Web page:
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A documentry stated that during the Permian asteroid strike the atmosphere heated up to above 400C, potentially to 600C. As this would ignite most of the biomass, including us, I wondered if this fire would consume so much atmospheric oxygen that it would kill most animal life that survived the fire. Oxygen levels would only need to fall below about 10 percent for this to happen.

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  • $\begingroup$ Welcome to Stack Exchange. Are you asking how much oxygen would be left if all available biomass were burned, or how much was left after the Permian asteroid strike (where not all available biomass was burned, since obviously some life survived)? $\endgroup$ – Daniel Griscom Oct 23 '16 at 3:49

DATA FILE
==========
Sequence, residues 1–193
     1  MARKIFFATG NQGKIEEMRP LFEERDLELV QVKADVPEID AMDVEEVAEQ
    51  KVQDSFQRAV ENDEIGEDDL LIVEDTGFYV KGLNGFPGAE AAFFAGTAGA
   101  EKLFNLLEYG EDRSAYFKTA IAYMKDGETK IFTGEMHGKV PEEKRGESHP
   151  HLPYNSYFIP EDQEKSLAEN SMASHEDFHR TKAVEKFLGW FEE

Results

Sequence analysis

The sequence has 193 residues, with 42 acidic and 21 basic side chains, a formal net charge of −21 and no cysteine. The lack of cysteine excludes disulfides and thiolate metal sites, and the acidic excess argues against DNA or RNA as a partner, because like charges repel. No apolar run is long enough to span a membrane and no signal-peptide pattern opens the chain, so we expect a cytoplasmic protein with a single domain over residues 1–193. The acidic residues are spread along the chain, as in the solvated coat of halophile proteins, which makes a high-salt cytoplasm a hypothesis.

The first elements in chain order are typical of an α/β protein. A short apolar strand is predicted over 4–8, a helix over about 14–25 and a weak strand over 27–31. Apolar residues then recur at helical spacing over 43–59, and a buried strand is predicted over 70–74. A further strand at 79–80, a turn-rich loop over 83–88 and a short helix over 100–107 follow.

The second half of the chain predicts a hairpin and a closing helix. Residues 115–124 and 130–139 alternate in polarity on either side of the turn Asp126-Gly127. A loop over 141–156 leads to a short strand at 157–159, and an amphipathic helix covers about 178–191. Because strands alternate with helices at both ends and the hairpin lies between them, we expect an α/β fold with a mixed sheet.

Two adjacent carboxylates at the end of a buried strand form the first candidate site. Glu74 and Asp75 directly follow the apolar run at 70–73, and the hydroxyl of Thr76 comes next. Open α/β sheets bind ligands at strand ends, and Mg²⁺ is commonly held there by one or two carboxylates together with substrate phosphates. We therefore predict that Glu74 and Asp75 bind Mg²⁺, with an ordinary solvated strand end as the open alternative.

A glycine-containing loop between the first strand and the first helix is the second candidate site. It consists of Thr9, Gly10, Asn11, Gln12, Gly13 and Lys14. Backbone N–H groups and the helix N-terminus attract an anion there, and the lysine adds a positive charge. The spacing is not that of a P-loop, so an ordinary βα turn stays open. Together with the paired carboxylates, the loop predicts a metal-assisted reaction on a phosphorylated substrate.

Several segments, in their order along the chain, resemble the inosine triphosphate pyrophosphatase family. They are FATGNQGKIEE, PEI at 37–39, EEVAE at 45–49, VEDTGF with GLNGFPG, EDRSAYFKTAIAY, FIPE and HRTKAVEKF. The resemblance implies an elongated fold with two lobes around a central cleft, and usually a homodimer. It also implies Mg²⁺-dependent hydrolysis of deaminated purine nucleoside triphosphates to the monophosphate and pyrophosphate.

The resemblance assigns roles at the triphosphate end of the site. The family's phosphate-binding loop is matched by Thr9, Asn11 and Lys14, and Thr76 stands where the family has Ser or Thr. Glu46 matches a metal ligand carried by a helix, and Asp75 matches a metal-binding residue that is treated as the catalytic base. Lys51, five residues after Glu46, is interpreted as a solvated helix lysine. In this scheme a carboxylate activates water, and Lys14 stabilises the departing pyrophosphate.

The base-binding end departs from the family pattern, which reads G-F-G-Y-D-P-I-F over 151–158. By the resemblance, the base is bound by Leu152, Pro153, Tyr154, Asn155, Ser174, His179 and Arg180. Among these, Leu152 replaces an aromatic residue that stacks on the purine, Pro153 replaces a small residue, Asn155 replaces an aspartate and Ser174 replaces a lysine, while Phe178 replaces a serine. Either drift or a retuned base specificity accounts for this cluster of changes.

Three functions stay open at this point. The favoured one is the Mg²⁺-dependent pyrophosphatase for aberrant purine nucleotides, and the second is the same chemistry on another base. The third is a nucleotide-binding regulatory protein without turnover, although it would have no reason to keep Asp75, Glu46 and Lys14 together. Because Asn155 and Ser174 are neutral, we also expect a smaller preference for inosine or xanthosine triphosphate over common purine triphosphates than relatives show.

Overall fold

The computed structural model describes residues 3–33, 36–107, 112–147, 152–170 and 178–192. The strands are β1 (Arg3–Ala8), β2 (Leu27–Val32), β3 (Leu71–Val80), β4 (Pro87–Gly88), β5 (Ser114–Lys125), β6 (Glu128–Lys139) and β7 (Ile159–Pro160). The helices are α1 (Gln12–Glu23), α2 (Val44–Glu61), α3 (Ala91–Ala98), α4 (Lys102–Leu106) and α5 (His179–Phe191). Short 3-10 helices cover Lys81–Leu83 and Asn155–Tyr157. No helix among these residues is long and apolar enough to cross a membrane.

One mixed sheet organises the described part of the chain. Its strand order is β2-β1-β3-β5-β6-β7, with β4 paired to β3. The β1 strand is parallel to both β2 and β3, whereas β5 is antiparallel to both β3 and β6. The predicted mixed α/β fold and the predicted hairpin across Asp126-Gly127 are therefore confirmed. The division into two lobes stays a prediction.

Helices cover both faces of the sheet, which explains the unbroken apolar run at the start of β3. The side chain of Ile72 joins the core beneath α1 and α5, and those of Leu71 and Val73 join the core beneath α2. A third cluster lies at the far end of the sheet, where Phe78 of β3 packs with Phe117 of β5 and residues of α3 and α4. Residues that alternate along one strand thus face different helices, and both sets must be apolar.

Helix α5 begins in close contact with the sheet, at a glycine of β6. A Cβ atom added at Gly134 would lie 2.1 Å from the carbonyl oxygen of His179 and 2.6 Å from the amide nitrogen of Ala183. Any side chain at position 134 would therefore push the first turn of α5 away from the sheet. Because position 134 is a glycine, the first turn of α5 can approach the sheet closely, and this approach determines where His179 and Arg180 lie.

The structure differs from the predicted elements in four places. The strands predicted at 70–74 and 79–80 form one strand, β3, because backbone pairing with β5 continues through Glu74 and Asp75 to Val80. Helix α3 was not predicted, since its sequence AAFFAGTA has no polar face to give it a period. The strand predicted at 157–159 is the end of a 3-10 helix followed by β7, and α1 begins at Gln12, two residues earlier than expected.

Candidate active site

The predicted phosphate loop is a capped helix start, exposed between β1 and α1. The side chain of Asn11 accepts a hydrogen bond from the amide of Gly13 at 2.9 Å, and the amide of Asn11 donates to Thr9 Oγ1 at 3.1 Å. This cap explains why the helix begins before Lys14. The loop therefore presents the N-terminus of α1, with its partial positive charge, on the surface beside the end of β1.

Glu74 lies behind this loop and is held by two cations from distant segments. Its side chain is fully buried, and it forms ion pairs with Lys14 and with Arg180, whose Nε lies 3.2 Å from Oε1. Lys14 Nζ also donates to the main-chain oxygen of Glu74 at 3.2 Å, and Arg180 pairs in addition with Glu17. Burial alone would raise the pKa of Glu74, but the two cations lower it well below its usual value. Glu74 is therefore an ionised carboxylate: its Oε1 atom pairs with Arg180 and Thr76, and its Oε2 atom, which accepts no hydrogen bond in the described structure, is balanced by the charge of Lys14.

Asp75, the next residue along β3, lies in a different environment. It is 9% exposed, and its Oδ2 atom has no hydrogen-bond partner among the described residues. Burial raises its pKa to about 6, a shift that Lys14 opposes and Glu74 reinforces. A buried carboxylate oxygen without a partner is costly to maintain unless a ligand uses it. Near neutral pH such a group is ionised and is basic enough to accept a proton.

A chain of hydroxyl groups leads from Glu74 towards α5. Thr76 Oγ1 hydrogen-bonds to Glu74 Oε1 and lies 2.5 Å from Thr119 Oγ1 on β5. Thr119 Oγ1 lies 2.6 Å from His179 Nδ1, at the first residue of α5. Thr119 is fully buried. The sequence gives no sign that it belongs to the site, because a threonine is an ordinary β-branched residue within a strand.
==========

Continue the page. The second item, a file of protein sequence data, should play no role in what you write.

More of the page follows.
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Estimates of earth's total biomass vary widely, from 0.5 to 4 trillion tons C, so instead of citing a source, I'll just go with an assumption of $1\times10^{15} \text{kg C}$. Measuring biomass in carbon is a convenient segue to the next assumption: assume that all biomass burns only in $\text{CX + O}_2\,\rightarrow\,\text{CO}_2 + \text{X}$.

Given these assumptions, $1\times10^{15} \text{kg C}\cdot \frac{1 \text{mol C}}{0.012 \text{kg C}} = 8.3 \times10^{16} \text{mol C}$. To react with so many mol's $\text{C}$ we will need the same number of mols of $\text{O}_2$, at molar mass $0.032 \text{kg O}_2$, which gives us a total of $2.7\times10^{15} \text{kg O}_2$ needed.

Oxygen is 20% of the atmosphere, which means there is $5.1\times10^{18} \text{kg atm} \cdot 0.2 \frac{\text{O}_2}{\text{atm}} = 1.0 \times 10^{18} \text{kg O}_2$ available.

Since we have calculated that there are three orders of magnitude as much oxygen available as is needed to burn all biomass, I feel confident saying that global loss of oxygen due to burning biomass was not a cause of the P-Tr extinction.

Also relevant: there is nowhere near a consensus that an asteroid impact caused the P-Tr extinction. To the best of my knowledge, an asteroid strike is not the most popular theory for that specific extinction event.

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